The Parys Mountain base metals project, in north Wales, has the potential to be a “major” mining operation, able to produce copper, zinc, lead and gold concentrates at a cost that will allow it to withstand industry cycles, Anglesey Mining CEO Bill Hooley said on Monday.
Announcing the results of a preliminary economic assessment (PEA), which includes an updated mineral resource statement, he said a mine at Parys Mountain could be established at a reasonable capital cost.
The PEA evaluated three development scenarios and the most attractive option (Case C) calculated preproduction capital expenditure (capex) of $99-million. The option generates a cumulative cash operating surplus over a 12-year mine life of more than $510-million, translating to a pretax net present value (NPV), at a 10% discount, of more than $120-million with an internal rate of return of 26%.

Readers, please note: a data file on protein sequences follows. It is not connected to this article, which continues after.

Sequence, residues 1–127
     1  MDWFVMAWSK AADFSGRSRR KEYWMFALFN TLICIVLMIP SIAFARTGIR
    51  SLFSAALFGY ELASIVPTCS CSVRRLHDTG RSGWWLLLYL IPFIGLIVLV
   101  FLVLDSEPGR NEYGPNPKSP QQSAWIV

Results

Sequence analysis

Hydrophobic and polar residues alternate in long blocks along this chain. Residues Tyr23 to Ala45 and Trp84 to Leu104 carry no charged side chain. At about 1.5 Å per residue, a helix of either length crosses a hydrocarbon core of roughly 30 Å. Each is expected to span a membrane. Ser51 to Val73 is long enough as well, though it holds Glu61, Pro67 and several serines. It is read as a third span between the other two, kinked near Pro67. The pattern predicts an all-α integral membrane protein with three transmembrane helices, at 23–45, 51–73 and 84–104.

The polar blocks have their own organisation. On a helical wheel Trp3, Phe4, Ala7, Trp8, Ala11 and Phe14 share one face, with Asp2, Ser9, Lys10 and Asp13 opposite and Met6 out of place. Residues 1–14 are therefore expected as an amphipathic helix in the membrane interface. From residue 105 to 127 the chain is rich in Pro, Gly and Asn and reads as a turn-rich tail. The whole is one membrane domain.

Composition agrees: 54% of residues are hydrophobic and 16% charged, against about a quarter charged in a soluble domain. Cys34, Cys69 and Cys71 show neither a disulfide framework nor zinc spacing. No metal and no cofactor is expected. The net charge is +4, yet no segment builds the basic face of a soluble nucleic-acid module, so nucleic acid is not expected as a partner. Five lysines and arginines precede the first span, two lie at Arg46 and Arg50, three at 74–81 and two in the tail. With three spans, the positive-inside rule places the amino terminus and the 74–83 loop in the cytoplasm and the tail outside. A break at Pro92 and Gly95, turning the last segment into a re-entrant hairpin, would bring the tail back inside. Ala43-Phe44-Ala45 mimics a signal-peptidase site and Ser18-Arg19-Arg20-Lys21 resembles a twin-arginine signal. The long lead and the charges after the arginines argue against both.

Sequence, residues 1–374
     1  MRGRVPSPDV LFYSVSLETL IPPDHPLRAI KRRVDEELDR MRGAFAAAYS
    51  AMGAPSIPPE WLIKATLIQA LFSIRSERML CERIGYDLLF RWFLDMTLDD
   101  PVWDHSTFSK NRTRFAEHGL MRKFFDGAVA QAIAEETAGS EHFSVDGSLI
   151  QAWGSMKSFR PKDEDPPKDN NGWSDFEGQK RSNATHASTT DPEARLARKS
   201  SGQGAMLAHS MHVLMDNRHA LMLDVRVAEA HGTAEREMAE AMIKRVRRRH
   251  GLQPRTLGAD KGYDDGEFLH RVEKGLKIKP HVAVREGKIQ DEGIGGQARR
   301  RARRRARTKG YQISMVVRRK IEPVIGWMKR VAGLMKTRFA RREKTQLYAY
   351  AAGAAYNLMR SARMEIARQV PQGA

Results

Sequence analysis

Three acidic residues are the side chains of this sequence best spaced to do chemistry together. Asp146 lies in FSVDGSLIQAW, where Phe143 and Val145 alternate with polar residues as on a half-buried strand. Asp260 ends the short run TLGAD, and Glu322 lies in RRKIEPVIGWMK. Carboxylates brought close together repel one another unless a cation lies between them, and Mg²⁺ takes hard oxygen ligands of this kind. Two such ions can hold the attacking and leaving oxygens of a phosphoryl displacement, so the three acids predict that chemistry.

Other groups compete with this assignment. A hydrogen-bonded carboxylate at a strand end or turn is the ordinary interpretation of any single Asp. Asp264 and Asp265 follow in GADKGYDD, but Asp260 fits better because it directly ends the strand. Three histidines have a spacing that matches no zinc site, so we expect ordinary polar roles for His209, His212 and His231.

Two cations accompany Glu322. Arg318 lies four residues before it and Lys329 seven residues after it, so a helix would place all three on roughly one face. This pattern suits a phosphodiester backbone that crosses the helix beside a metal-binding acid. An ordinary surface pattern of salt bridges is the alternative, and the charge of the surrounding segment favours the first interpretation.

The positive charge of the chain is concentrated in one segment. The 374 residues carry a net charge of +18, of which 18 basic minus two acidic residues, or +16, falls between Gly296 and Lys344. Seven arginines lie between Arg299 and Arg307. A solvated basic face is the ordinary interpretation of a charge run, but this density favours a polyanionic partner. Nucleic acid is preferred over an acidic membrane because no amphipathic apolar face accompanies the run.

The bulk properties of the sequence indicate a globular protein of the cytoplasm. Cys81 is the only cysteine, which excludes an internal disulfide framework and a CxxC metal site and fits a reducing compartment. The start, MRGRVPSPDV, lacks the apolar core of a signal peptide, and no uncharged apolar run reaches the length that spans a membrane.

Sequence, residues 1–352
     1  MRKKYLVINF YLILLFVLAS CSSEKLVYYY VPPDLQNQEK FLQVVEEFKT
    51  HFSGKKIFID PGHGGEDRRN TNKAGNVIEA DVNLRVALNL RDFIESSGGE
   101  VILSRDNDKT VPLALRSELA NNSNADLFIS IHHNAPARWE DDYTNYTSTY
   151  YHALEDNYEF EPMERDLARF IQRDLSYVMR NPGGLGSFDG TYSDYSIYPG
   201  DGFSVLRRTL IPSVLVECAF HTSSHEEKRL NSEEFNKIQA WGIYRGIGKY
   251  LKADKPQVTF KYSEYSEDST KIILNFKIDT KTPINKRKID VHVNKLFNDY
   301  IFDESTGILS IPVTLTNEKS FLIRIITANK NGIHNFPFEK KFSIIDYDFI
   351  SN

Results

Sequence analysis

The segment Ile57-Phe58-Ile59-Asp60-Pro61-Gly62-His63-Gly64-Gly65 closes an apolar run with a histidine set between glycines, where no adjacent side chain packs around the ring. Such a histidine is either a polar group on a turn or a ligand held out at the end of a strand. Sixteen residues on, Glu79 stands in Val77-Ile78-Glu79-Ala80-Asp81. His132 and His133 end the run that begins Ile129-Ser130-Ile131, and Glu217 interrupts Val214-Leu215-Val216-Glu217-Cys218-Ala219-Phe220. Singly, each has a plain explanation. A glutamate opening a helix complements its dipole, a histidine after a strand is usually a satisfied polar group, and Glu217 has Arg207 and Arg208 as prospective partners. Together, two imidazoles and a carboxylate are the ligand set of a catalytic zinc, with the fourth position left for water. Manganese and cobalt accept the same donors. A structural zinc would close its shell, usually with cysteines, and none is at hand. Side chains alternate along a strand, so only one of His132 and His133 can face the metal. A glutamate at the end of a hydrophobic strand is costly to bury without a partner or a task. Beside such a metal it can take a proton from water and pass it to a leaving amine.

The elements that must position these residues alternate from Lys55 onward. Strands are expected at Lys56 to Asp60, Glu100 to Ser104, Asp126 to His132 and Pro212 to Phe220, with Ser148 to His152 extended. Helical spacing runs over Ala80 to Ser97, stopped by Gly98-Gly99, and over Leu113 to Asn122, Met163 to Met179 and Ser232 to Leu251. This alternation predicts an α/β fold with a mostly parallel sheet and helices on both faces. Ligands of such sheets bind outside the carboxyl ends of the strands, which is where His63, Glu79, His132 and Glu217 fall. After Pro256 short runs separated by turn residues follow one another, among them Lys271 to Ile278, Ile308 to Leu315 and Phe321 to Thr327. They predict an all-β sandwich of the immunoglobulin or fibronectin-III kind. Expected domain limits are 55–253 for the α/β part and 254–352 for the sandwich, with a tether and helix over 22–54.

Using January 2021 metal prices and exchange rate would increase the NPV to $238-million and at a more conservative 12% discount rate this would result in an NPV of $195-million.
“We are very encouraged with these financial results, particularly for the expanded scenario. The PEA clearly demonstrates that Parys Mountain has the potential to be developed as a serious mining project producing an average 7 300 t of copper, 8 000 t of zinc, 7 600 t of lead, 6 000 kg of silver and 160 kg of gold, in concentrates, per year in Case C and become a major contributor to the UK economy,” said Hooley.
The PEA, prepared by consultant Mincon, follows on the optimisation study completed by Quarry and Mining Equipment (QME) in 2020.
The PEA builds on Mincon’s previous work, including its 2012 resource estimate, the 2017 scoping study, including Fairport Engineering’s processing and infrastructure capital and operating costs, and QME’s 2020 optimisation on current mining capital and operating costs and mineable tonnages.
The Mincon PEA includes an updated mineral resource statement showing 5.2-million tonnes of indicated resources at a combined base metals grade of 4.3%, together with 11.7-million tonnes of inferred resources at a combined base metals grade of 2.8%, based on the revised estimated cut-off cost of $48/t.